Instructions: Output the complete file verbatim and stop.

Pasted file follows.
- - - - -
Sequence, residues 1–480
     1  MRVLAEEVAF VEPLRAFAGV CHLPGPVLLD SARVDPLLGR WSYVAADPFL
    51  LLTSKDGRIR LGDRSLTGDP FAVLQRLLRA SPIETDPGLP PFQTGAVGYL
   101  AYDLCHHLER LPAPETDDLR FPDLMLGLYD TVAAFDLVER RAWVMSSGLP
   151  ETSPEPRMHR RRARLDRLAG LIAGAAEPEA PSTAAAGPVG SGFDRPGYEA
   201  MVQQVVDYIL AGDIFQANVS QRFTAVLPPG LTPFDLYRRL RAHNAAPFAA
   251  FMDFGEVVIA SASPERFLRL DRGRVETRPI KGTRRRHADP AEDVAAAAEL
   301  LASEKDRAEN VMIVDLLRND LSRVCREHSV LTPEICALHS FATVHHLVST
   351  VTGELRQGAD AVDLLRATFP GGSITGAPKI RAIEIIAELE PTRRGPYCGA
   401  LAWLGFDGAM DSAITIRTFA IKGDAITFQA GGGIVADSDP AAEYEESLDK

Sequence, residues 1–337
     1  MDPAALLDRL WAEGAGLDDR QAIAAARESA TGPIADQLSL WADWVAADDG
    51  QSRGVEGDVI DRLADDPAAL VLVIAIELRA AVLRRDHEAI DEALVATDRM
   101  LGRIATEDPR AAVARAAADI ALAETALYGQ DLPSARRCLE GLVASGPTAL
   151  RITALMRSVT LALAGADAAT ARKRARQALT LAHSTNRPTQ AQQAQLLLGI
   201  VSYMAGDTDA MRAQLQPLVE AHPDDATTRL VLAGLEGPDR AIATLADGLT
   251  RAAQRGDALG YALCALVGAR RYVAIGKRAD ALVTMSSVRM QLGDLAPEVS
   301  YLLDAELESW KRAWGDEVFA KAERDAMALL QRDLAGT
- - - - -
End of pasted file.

Sequence, residues 1–480
     1  MRVLAEEVAF VEPLRAFAGV CHLPGPVLLD SARVDPLLGR WSYVAADPFL
    51  LLTSKDGRIR LGDRSLTGDP FAVLQRLLRA SPIETDPGLP PFQTGAVGYL
   101  AYDLCHHLER LPAPETDDLR FPDLMLGLYD TVAAFDLVER RAWVMSSGLP
   151  ETSPEPRMHR RRARLDRLAG LIAGAAEPEA PSTAAAGPVG SGFDRPGYEA
   201  MVQQVVDYIL AGDIFQANVS QRFTAVLPPG LTPFDLYRRL RAHNAAPFAA
   251  FMDFGEVVIA SASPERFLRL DRGRVETRPI KGTRRRHADP AEDVAAAAEL
   301  LASEKDRAEN VMIVDLLRND LSRVCREHSV LTPEICALHS FATVHHLVST
   351  VTGELRQGAD AVDLLRATFP GGSITGAPKI RAIEIIAELE PTRRGPYCGA
   401  LAWLGFDGAM DSAITIRTFA IKGDAITFQA GGGIVADSDP AAEYEESLDK

Sequence, residues 1–337
     1  MDPAALLDRL WAEGAGLDDR QAIAAARESA TGPIADQLSL WADWVAADDG
    51  QSRGVEGDVI DRLADDPAAL VLVIAIELRA AVLRRDHEAI DEALVATDRM
   101  LGRIATEDPR AAVARAAADI ALAETALYGQ DLPSARRCLE GLVASGPTAL
   151  RITALMRSVT LALAGADAAT ARKRARQALT LAHSTNRPTQ AQQAQLLLGI
   201  VSYMAGDTDA MRAQLQPLVE AHPDDATTRL VLAGLEGPDR AIATLADGLT
   251  RAAQRGDALG YALCALVGAR RYVAIGKRAD ALVTMSSVRM QLGDLAPEVS
   301  YLLDAELESW KRAWGDEVFA KAERDAMALL QRDLAGT